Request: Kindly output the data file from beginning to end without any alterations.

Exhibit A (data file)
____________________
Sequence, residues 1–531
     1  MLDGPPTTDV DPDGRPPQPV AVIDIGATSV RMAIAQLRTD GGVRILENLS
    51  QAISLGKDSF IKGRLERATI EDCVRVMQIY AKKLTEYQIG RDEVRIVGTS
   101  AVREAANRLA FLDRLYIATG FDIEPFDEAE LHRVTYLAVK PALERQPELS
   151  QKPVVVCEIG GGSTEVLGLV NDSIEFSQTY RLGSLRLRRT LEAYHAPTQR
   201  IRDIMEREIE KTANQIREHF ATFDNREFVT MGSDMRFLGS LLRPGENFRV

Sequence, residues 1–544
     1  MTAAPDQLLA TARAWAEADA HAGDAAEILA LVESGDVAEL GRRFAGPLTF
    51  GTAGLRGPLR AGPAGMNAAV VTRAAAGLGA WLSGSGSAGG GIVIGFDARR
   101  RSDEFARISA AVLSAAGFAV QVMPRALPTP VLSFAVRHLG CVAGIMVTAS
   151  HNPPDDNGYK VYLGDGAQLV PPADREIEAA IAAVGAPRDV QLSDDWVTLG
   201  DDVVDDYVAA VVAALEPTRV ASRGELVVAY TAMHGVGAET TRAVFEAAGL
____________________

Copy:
Sequence, residues 1–531
     1  MLDGPPTTDV DPDGRPPQPV AVIDIGATSV RMAIAQLRTD GGVRILENLS
    51  QAISLGKDSF IKGRLERATI EDCVRVMQIY AKKLTEYQIG RDEVRIVGTS
   101  AVREAANRLA FLDRLYIATG FDIEPFDEAE LHRVTYLAVK PALERQPELS
   151  QKPVVVCEIG GGSTEVLGLV NDSIEFSQTY RLGSLRLRRT LEAYHAPTQR
   201  IRDIMEREIE KTANQIREHF ATFDNREFVT MGSDMRFLGS LLRPGENFRV

Sequence, residues 1–544
     1  MTAAPDQLLA TARAWAEADA HAGDAAEILA LVESGDVAEL GRRFAGPLTF
    51  GTAGLRGPLR AGPAGMNAAV VTRAAAGLGA WLSGSGSAGG GIVIGFDARR
   101  RSDEFARISA AVLSAAGFAV QVMPRALPTP VLSFAVRHLG CVAGIMVTAS
   151  HNPPDDNGYK VYLGDGAQLV PPADREIEAA IAAVGAPRDV QLSDDWVTLG
   201  DDVVDDYVAA VVAALEPTRV ASRGELVVAY TAMHGVGAET TRAVFEAAGL